Sep 2, 2006 (From the CalCars-News archive)
Just as we thought we Toyota's slogan "moving forward," applied to plug-in hybrids, they've again pushed back the date. We hoped for model year 2009; then it looked like 2010 or 2011. (See our chronologies at http://www.calcars.org/carmakers.html. Now a Toyota spokesperson tells Reuters that "affordable plug-in hybrids are a decade away." (Full article below.)
What is the context for this statement? A Reuters reporter asked for a comment about Pacific Gas & Electric's announcement that it was taking the unprecedented step of urging its 5.1 million customers to ask car-makers to build PHEVs http://autos.groups.yahoo.com/group/calcars-news/message/507. Here's the larger context for the company: The front page of Friday's New York Times Business Section, in an article on the just-passed AB 32, The California Global WarmingSolutions Act of 2006, "California Plan to Cut Gases Splits Industry, http://www.nytimes.com/2006/09/01/business/01energy.html, says, "As a result of his [CEO Peter Darbee's} wide inquiries, PG&E, the parent of Pacific Gas and Electric Company and one of the nation's largest energy utilities, broke away from the industry pack to support sweeping efforts to reduce the greenhouse gas emissions that are widely blamed for global warming."
Meanwhile, Reuters reports that the "big 3" don't see hybrids EVER as the winning alternative. For another view, this long weekend, you could spend an entertaining few hours getting the provocative perspective of a heavy-hitter in the investment world. Read the eye-opening Alliance Bernstein report, "The Emergence of Hybrid Vehicles" http://www.calcars.org/alliance-bernstein-hybrids-june06.pdf, which predicts hybrids will take a 50% share of new-car sales by 2015 and will make up 85% of new vehicle sales and 72% of the installed base by 2030 (page 34). If you just want the summary, see the 6-pager at http://www.alliancebernstein.com/investments/us/StoryPage.aspx?nid=5347&cid=37755.
Carmakers asked to hurry up on plug-in hybrids Reuters, Friday, September 1, 2006; 10:19 PM By Bernie Woodall http://www.washingtonpost.com/wp-dyn/content/article/2006/09/01/AR2006090101696.html
LOS ANGELES (Reuters) - Pacific Gas & Electric Co. is asking its 5.1 million customers to petition automakers to speed up development of plug-in electric-gasoline hybrid vehicles, California's largest utility said on Friday.
Along with their power and gas bills for September, PG&E customers will get a request to lobby the automakers.
PG&E and its parent, PG&E Corp., have joined with an Austin, Texas-based organization called "Plug-In Partners" that has set up an Internet petition drive to pressure U.S. and foreign automakers to make cars that can charge up by plugging in to a regular 120-volt household outlet.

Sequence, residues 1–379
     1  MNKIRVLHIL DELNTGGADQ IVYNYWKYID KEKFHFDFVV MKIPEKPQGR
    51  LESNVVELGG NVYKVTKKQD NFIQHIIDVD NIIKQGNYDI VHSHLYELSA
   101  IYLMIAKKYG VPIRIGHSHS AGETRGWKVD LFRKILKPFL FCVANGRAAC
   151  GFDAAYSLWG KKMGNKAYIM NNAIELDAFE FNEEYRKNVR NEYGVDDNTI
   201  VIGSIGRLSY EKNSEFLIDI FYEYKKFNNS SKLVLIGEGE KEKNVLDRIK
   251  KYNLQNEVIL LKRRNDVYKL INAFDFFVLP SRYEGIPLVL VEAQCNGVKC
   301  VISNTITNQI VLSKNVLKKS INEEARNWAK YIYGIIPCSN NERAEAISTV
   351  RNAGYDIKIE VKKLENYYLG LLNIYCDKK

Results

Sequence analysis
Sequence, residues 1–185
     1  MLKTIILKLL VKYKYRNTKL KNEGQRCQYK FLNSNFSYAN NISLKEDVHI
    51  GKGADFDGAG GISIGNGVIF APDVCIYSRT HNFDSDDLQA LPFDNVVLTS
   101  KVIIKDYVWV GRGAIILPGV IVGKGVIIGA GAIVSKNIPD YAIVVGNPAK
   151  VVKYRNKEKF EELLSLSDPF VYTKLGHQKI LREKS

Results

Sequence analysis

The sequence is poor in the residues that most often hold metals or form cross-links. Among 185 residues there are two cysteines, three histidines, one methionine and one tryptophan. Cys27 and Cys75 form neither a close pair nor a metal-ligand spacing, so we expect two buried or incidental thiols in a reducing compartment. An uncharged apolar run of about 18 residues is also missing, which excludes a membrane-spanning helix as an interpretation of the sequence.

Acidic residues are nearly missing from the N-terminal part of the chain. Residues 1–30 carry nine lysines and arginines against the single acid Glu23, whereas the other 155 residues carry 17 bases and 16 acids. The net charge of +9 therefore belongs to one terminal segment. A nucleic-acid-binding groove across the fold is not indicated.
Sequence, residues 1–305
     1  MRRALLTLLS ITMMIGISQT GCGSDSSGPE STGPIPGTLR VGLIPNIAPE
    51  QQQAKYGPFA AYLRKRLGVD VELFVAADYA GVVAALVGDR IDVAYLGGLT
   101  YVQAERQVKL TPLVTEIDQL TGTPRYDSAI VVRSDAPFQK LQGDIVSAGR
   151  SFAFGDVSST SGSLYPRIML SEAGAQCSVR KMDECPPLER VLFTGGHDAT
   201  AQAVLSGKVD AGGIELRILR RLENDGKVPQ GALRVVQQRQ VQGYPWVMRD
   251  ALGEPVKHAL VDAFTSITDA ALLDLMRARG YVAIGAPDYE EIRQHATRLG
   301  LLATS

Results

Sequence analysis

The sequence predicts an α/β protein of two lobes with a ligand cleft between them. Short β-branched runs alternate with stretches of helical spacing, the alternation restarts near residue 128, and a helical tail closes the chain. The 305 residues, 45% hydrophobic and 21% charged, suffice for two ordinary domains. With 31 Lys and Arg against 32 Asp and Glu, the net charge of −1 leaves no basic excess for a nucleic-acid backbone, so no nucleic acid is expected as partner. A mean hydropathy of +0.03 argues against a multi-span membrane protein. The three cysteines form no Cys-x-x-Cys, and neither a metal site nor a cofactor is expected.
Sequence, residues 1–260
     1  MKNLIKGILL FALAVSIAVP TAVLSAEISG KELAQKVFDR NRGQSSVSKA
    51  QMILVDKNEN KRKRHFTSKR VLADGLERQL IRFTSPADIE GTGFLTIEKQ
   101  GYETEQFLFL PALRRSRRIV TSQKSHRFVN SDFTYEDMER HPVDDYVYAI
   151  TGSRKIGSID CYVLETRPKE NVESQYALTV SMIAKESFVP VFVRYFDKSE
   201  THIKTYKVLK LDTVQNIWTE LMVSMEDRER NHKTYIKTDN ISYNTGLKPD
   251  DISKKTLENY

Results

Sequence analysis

"The petition basically says, 'If you build it, we will buy it,"' said PG&E vice president Bob Howard.
For their part, the automakers say plug-in hybrids are not ready for the showroom floor.
The leading hybrid seller in North America is Toyota Motor Corp., which including August U.S. sales figures issued on Friday is on pace to sell 198,000 hybrids in 2006, up from 145,560 in 2005.
In June, Toyota said "hybrids will be the core technology of the 21st century."
Hybrids on the road use electricity generated by the gasoline-fueled engine. But affordable plug-in hybrids are a decade away, Toyota spokesman Bill Kwong said on Friday.
If that is so, said PG&E spokeswoman Jann Taber, the petition drive and other efforts to pressure automakers could speed up the process of development to mass production.
"Automakers aren't convinced there are enough buyers," PG&E's Howard said. "That's why PG&E is hoping to harness the power of its 5.1 million customers."
The three major U.S. automakers, General Motors Corp. Ford Motor Co. and DaimlerChrysler AG, do not see hybrids as the winning alternative to gasoline-fueled vehicles.
GM is in the early stages of plug-in hybrid development and has not committed to any production, spokesman Dave Barthmuss said.
Hydrogen fuel cells are the alternative of the future, but plug-in hybrids are likely to be among several alternatives that will serve as a bridge until the time hydrogen fuel cells are affordable and practical, Barthmuss said.
At a hydrogen fuel conference earlier this year, automakers and developers of the technology said hydrogen fuel cell vehicles would not be commonplace until about 2020.
PG&E's manager of clean air transportation, Brian Stokes, said he has asked to meet with U.S., Japanese, South Korean, and Japanese automakers, and only one company has agreed to meet with him so far.
PG&E on Friday cited a study by the California Electric Transportation Coalition that says if automakers produce plug-in hybrids within a few years, 2.5 million of them would be on the road by 2020.
PG&E's Taber said it was a coincidence that the plea to petition automakers occurred the same week that California passed landmark legislation to curb greenhouse gas emissions.
The petition states: "If I could buy a vehicle that was cheaper to operate, cleaner, ran on domestic electricity, and I could buy it from you for a few thousand dollars more, yes I would positively WANT to plug it in to a 120-volt outlet."
Utilities like PG&E will not benefit from any increase in power use by its customers, said Taber of PG&E. Their rates are regulated by state agencies and they do not make more profit if they sell more electricity, Taber said.
PG&E officials say that if plug-in hybrids do become common, they will urge customers to plug in at night when the power grid is not as strained as it is during daylight hours.